DID YOU KNOW?
This week’s DYK was written by a graduated PhD in Philosophy who is also a long-time member of Alcoholics Anonymous: Mechanical rules and absolute thinking is often more evil than whatever it is the rule is supposed to abolish. Furthermore, alcoholics normally do the exact opposite of rules and they will find some way of doing to excess that which is strictly forbidden. Why was Bill Wilson so deeply opposed to the Four Absolutes (absolute honesty, purity, unselfishness and perfection)? Because he knew that preaching to alcoholics was apt to make them worse and not better and because he knew that it totally missed the point about what was really causing their resentments and fears. Inside the alcoholic’s minds they were wildly out-of-balance which made them miserable and ultimately drove them back to the bottle over and over again.
The Myth of Perfection: I do not want to give the impression that no one knew about the Apostle Paul’s solution to the problem of human self-destructiveness and our inability to do things absolutely and perfectly until the eighteenth century evangelists came along. At the end of the fourth century A.D., St. Augustine began teaching about our necessary human imperfection—central to the teaching of the Roman Catholic Church—after trying for some years to live in absolute perfection. After St. Augustine became bishop of the African seaport city of Hippo Regius it finally dawned on him that he had never managed to live a perfect spiritual life and that the African dock workers and their families who made his congregation were not bad people, but they were beyond doubt never going to be people of otherworldly sainthood. He began to grasp the simple fact that obtaining absolute perfection was not an achievable goal, for either himself or for his church members.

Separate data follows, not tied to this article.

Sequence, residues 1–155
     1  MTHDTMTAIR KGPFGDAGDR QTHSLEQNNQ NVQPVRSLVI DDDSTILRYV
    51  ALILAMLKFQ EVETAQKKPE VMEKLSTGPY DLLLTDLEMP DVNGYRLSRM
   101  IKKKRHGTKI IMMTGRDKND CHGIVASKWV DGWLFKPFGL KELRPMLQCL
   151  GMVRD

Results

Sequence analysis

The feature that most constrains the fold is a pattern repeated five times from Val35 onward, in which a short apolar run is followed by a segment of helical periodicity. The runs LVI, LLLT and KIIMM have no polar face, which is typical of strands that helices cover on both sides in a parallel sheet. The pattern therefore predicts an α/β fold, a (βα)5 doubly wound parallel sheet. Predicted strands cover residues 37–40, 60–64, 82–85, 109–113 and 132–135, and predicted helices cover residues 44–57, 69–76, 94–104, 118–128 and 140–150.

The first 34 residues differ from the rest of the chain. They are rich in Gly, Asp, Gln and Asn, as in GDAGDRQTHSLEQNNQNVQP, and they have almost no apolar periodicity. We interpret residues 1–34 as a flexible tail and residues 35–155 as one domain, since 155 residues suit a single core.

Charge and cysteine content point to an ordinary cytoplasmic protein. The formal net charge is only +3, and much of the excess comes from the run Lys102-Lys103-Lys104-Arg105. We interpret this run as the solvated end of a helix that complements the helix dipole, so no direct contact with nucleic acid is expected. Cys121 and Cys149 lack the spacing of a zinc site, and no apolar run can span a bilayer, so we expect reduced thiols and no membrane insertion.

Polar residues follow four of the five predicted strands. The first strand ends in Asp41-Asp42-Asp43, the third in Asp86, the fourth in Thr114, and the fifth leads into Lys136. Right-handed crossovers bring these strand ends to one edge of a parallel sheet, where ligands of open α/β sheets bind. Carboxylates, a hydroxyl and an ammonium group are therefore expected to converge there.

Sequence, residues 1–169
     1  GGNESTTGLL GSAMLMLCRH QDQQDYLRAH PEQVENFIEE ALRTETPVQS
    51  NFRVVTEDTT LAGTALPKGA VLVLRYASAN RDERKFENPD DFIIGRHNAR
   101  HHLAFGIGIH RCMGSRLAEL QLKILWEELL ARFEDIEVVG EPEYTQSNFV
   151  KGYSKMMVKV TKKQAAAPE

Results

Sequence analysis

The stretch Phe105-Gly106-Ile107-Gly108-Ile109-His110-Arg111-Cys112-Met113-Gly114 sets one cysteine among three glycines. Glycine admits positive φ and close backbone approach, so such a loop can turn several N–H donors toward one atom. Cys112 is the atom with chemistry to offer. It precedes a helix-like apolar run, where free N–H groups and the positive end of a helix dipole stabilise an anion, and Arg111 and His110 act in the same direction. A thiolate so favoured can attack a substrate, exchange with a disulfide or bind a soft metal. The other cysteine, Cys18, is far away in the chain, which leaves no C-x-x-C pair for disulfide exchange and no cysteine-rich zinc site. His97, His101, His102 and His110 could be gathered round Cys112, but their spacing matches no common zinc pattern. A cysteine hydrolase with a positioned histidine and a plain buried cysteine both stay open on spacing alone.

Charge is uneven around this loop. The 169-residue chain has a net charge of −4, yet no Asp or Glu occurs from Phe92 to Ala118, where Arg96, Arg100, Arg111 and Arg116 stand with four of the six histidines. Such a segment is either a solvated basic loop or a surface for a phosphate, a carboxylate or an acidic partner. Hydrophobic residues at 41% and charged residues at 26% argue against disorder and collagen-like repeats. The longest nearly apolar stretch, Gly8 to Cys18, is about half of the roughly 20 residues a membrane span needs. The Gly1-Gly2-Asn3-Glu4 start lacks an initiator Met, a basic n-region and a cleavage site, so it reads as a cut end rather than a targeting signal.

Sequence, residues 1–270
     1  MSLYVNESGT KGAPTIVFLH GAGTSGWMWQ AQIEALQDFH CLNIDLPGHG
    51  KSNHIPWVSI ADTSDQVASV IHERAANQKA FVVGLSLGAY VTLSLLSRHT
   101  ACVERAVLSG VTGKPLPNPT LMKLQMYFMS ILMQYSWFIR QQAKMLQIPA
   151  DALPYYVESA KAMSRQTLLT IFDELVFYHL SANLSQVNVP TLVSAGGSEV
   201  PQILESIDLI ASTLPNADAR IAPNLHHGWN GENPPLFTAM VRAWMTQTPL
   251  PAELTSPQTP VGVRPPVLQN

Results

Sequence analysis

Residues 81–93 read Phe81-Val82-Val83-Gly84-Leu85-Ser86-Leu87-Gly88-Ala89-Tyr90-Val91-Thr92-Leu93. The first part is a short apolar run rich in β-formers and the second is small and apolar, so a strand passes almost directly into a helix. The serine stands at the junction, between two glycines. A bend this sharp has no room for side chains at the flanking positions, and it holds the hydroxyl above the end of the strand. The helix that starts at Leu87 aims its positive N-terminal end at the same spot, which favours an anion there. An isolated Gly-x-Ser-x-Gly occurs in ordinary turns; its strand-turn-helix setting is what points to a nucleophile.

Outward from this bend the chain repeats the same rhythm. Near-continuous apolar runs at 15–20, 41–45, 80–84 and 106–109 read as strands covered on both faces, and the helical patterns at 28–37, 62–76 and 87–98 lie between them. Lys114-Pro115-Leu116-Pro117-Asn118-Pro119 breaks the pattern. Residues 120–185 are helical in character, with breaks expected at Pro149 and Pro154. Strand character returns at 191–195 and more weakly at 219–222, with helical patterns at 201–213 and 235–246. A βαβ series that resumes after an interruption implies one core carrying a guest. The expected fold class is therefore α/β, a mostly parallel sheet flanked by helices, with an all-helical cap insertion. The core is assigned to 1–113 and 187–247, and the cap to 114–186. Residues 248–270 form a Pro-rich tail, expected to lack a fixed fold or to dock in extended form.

His priests liked to set up their own private bible study classes and at that point decided to study Paul’s letter to the Romans. They kept coming to Augustine for help in understanding the New Testament, and finally (after two abortive efforts to write a commentary on the work) he realized what the Apostle Paul had been saying, and how wrong he had been in his own absolutist kind of approach to spirituality.
He also was finally able to grasp Paul’s important discovery about the power of God’s grace. When we were destroying our lives by some kind of irresistible obsessive and compulsive behavior—and could not stop by using our own will-power, no matter how hard we tried—only God’s grace could produce the soul change required to free us from the power of that destructive obsessive-compulsive urge.
St. Augustine’s mother, St. Monica, had been a childhood alcoholic, but had entered into recovery by turning to God’s grace for help and praying for God to produce a soul change in her. St. Augustine’s problem had been different. Before his conversion, he had been a compulsive womanizer, and could not keep his hands off the ladies. His illegitimate son Adeodatus, whom he dearly loved, had been begotten in an affair he had with a young African woman, and in fact had been begotten in the back of a church in Carthage when the church was empty and it seemed like a private place where he and the young woman were not apt to be disturbed. He was not an alcoholic like his mother, but he too knew what it was like to suffer from an irresistible compulsion to do things which he knew were wrong, but which he could not stop himself from doing. At the time of his conversion to Christianity in Italy, however, he called on God’s grace for help, and was finally able to stop his womanizing.
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